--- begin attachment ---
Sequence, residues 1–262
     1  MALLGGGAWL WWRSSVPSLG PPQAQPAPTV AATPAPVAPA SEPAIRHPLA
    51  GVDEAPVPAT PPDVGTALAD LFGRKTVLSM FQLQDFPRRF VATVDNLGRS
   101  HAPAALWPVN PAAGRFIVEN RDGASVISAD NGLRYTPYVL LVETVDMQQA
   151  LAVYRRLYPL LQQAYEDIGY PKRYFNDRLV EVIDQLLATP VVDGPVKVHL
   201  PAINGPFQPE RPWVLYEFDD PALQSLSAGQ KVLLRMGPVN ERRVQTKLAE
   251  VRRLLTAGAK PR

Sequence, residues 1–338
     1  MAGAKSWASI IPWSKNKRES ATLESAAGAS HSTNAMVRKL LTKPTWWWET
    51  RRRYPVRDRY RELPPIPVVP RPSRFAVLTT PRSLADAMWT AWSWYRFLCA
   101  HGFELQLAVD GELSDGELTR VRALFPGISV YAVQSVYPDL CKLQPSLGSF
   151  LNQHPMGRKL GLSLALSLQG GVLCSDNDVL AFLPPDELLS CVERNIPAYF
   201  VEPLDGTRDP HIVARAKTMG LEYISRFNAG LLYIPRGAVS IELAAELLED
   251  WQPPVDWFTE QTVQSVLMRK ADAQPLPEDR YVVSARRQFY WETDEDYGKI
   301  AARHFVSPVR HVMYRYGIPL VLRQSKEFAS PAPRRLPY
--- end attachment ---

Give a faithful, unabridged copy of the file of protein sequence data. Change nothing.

Sequence, residues 1–262
     1  MALLGGGAWL WWRSSVPSLG PPQAQPAPTV AATPAPVAPA SEPAIRHPLA
    51  GVDEAPVPAT PPDVGTALAD LFGRKTVLSM FQLQDFPRRF VATVDNLGRS
   101  HAPAALWPVN PAAGRFIVEN RDGASVISAD NGLRYTPYVL LVETVDMQQA
   151  LAVYRRLYPL LQQAYEDIGY PKRYFNDRLV EVIDQLLATP VVDGPVKVHL
   201  PAINGPFQPE RPWVLYEFDD PALQSLSAGQ KVLLRMGPVN ERRVQTKLAE
   251  VRRLLTAGAK PR

Sequence, residues 1–338
     1  MAGAKSWASI IPWSKNKRES ATLESAAGAS HSTNAMVRKL LTKPTWWWET
    51  RRRYPVRDRY RELPPIPVVP RPSRFAVLTT PRSLADAMWT AWSWYRFLCA
   101  HGFELQLAVD GELSDGELTR VRALFPGISV YAVQSVYPDL CKLQPSLGSF
   151  LNQHPMGRKL GLSLALSLQG GVLCSDNDVL AFLPPDELLS CVERNIPAYF
   201  VEPLDGTRDP HIVARAKTMG LEYISRFNAG LLYIPRGAVS IELAAELLED
   251  WQPPVDWFTE QTVQSVLMRK ADAQPLPEDR YVVSARRQFY WETDEDYGKI
   301  AARHFVSPVR HVMYRYGIPL VLRQSKEFAS PAPRRLPY